For Fathers and Higgins, Muxidi shows Deng and the conservative’s diabolical nature.  Sending unarmed troops into Beijing all throughout the day on June 3 was all part Deng’s plan Fathers and Higgins argue: to lure as many people out into the streets as possible so that when the PLA did open fire, casualties were certain.  And it was no accident that the first murders happened before the apartment complexes that housed high-level Party members and their families:

Those who ordered the army into Peking, Deng and president Yang Shangkun, had done so not merely to disperse the mobs from the barricades, but to create a spectacle of forceful repression so shocking that it could not fail to cow anyone within the Party who had dared to sympathize with such defiance.  The decision to open fire at Muxidi, in front of one of the Part’s main residential compounds, was a part of that spectacle. 

Tiananmen: The Rape of Peking, p. 116

Tiananmen: The Rape of Peking is a fast-paced, comprehensive masterpiece that makes a frighteningly compelling argument that Deng Xiaoping, from the very first protests in mid April, wanted a violent crackdown so that his power would never again be challenged. For Fathers and Higgins, Deng is the ultimate villain and thirty-four years later, it is important that we do not forget this. But it is also essential that on this thirty-fourth anniversary of June 4th that we remember some of the heroes of Tiananmen that Fathers and Higgins highlight: those unnamed and unarmed civilians who took to the streets in a courageous effort to protect their city, mistakenly trusting that their government would never open fire on them.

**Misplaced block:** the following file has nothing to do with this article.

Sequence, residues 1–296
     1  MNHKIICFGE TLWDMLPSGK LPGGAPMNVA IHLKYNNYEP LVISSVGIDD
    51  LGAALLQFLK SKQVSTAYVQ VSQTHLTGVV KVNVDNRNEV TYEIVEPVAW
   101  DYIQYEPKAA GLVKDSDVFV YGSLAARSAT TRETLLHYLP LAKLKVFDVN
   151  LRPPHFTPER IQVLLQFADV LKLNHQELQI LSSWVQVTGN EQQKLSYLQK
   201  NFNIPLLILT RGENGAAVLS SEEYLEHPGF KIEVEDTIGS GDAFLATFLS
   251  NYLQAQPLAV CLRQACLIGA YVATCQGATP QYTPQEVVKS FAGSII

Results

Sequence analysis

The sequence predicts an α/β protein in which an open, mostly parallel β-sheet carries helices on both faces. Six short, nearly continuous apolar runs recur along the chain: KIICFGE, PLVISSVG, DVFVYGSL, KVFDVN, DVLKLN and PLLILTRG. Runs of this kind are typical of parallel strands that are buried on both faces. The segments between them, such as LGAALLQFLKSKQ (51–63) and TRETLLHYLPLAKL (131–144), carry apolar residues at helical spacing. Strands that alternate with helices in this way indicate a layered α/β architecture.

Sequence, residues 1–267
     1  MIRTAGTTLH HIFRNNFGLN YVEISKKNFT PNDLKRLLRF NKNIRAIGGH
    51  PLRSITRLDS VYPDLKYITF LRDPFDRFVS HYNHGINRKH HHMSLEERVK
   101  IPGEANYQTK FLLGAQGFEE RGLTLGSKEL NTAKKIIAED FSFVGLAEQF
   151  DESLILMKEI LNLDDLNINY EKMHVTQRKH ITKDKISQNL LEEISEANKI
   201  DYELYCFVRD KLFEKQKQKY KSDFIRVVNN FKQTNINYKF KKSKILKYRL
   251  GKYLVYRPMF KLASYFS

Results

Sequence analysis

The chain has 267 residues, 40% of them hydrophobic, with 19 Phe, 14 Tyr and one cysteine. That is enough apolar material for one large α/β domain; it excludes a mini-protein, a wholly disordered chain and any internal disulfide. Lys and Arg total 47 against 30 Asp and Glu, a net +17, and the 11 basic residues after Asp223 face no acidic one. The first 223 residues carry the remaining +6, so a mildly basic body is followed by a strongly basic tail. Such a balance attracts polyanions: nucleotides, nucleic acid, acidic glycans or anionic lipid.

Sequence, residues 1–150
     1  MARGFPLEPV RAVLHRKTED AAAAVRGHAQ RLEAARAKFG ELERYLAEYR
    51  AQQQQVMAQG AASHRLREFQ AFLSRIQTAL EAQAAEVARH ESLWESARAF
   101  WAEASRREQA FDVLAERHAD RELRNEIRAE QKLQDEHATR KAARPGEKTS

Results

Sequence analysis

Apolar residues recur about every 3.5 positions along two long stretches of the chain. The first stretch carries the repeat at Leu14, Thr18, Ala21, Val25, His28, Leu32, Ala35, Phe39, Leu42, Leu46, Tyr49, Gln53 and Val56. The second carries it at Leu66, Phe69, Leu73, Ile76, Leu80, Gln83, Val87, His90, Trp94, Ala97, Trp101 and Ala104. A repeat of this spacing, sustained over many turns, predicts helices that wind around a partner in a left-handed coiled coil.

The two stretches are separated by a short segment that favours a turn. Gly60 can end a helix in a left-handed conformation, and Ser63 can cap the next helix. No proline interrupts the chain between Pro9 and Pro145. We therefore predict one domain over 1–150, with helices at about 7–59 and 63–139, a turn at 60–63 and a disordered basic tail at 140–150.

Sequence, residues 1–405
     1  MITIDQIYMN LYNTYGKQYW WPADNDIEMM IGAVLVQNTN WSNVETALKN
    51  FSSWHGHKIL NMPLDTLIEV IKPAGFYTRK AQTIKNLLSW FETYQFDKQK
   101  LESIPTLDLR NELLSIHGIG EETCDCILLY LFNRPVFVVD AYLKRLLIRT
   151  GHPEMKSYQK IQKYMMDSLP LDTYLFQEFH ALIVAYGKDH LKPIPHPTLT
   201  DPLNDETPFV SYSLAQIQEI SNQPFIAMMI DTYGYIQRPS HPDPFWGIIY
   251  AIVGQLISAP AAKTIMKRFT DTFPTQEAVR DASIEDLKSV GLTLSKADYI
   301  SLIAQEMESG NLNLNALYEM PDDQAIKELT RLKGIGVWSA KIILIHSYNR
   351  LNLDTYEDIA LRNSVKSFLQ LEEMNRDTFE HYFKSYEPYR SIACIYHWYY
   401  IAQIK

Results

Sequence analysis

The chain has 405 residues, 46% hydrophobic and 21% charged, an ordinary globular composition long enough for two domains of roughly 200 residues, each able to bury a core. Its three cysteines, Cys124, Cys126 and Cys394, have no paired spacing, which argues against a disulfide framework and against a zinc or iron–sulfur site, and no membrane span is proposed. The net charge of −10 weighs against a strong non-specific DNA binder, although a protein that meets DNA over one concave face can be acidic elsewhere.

Rating: ★★★★★

Tiananmen: The Rape of Peking, by Michael Fathers and Andrew Higgins
(The Independent/Doubleday 1989), 148 pages

Unfortunately this book is out of print which we hope that the publisher rectifies for the 35th anniversary of the Tiananmen crackdown next year (2024).  And, with the Chinese people unable to write their own history on this tragic event, we also hope that the publisher publishes a Chinese version (there is an Indonesian translation).  Sometimes things jump the firewall; providing this book in Chinese will allow the Chinese people to learn about their fellow countrymen’s’ valiant efforts thirty-four years ago.

Used copies of Tiananmen: Rape of Peking can be purchased at Thriftbooks, Abebooks and Amazon

Remembering ‘228’ in Taiwan

By , March 10, 2023
Taipei’s 228 Parade, Feb. 28, 2023